These Moments


What are these moments, these ineffable moments that come to us draped in the seemingly small, these moments when the guard comes down and something light-filled shines through – and touches everyone in the room?


I turned my head when I heard their voices. Snow-white hair, aged arms extended so her freshly-manicured hands could rest under the lights, an elderly woman was sitting patiently in her chair. She reminded me of Betty White.

“Do you like it, Mom? Does it feel good?” a middle-aged blonde seated next to the woman was saying, scanning Mom’s face as she asked.

“Ohmyyes!” Mom exclaimed. “It feels so good.”

Mom turned to her daughter, and I saw the side of her face. There it was – an expression of joy, of wonder. 

A manicurist was massaging Mom’s shoulders. Mom lifted her arm, fingers bent with arthritis, and rested her wrinkled hand lightly on the manicurist’s soft, smooth hand, just for a moment, before returning it to the lights, saying impulsively,

“It feels so wonderful. I don’t have anyone to do this for me…anymore.”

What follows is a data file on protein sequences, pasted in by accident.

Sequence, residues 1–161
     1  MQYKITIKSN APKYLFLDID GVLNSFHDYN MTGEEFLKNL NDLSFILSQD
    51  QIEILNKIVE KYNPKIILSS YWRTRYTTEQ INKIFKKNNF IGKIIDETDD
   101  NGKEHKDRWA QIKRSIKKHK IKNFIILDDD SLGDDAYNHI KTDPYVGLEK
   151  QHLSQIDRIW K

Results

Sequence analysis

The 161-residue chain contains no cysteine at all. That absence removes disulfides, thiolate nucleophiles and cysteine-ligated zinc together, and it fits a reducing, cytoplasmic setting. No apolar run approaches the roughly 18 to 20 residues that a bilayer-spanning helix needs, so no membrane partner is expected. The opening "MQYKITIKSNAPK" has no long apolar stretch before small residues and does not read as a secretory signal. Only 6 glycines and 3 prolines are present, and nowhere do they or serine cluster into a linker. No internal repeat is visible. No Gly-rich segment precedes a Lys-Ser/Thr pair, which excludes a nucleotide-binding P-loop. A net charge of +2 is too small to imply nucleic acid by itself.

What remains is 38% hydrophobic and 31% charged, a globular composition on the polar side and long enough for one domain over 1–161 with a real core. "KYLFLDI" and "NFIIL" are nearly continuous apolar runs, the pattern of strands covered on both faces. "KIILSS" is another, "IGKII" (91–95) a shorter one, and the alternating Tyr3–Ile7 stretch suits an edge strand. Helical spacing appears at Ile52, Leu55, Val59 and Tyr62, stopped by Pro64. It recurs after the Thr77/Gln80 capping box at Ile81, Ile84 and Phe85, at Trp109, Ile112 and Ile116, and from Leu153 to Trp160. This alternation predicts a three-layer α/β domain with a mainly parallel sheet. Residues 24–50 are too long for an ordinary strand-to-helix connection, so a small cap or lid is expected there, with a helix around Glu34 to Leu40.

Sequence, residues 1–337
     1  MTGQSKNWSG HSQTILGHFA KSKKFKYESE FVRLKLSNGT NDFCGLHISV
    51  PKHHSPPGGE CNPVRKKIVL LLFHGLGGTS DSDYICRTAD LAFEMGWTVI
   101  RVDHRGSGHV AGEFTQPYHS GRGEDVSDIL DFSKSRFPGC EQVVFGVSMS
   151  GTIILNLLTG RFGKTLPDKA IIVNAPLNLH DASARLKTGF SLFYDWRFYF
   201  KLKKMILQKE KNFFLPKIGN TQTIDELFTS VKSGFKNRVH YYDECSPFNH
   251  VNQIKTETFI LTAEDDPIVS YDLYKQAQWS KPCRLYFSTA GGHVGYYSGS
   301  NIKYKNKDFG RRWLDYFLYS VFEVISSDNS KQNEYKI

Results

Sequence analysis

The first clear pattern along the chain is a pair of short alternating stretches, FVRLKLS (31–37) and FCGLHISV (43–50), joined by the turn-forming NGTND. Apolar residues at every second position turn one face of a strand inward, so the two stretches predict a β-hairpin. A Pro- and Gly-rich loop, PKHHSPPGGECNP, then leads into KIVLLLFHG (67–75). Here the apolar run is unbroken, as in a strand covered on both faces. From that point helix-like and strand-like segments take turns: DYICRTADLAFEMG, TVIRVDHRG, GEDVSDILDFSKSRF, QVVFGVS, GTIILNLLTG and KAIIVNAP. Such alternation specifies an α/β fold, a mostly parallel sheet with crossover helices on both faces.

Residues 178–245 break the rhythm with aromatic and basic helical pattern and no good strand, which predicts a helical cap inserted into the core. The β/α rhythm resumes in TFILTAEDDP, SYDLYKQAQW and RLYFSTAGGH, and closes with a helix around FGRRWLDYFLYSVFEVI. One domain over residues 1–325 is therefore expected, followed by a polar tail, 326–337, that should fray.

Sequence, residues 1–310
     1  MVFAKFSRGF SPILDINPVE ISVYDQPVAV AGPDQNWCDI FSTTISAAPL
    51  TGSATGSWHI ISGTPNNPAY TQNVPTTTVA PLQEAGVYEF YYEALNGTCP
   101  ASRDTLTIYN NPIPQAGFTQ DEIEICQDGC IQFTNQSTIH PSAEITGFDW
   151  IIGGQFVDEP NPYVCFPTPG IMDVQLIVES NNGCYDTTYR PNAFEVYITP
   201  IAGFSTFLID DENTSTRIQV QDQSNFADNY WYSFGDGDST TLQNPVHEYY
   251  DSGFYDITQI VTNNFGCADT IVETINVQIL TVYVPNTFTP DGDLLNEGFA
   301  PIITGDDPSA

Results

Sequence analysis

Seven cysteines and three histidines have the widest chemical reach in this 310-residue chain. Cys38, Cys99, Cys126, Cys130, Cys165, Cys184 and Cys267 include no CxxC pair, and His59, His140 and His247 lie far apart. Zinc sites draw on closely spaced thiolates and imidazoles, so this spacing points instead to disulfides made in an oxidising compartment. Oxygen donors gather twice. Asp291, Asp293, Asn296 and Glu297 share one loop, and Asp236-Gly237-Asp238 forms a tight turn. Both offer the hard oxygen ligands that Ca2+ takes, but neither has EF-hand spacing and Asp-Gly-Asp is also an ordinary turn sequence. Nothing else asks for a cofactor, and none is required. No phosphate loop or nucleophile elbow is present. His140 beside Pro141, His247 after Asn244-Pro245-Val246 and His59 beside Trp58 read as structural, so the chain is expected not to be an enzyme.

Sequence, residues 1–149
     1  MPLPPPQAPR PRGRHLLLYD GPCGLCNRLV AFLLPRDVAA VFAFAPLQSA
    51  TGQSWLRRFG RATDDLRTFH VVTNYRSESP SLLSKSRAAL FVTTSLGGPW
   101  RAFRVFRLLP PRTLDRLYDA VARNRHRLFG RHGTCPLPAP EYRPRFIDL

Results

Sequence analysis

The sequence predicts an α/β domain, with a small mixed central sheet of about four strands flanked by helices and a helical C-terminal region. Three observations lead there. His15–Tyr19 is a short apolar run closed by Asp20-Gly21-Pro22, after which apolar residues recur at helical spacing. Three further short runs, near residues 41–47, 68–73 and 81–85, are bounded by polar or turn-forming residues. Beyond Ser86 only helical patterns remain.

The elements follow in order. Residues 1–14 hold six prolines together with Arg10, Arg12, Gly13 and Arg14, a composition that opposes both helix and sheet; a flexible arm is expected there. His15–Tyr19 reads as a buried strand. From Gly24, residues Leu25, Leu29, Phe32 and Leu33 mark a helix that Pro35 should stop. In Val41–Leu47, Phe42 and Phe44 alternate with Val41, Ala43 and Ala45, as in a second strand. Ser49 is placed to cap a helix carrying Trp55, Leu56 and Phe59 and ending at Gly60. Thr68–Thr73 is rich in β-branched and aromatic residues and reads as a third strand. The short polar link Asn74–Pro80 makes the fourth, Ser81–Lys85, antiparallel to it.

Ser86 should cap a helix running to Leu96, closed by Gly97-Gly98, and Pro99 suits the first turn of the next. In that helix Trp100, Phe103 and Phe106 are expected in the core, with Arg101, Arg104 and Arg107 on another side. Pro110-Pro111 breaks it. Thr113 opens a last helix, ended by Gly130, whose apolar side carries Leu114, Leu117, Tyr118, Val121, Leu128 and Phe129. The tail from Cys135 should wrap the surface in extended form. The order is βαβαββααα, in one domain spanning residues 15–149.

It was ever-so-slight, but it was there, a pause before “anymore,” and I tried to imagine the person who once filled Mom’s pause. But joy was carrying the day for Mom, and she was beaming. 

They were done now and walking to the front of the salon. Daughter called out, “Be careful of the carpet, Mom!” and Mom replied, “I’m watching the carpet!”

And when they were paying for their services, Daughter prompted, “It’s $130, Mom, you got that?” Mom didn’t answer, but proceeded to calculate the tip and sign the receipt. 

Daughter looked at me and giggled. “Sometimes she hears me but ignores me,” she offered.

I couldn’t stop looking at them, Mom with her light-filled face, and Daughter with her caring expression and easy laugh. I watched them through the glass window as they left the salon and climbed into a black SUV. As they pulled away, I saw Mom in her place as front seat passenger. And there it was again, that look on her face. Now she was talking and laughing, her hands animated and moving through the air as she spoke.

She was beautiful, and I felt inexplicably uplifted.

The receptionist was watching them as well, and I had the feeling that Something Good was lifting her up too. She turned to me and said, simply, 

“She’s 95.”

Ninety. Five.

Ohmyfriends, our big-picture world can look rough and rugged sometimes. But if you look at the little things that present themselves, you will see that these moments, these moments of love and laughter, joy and happiness, these moments of God

They are still shining through.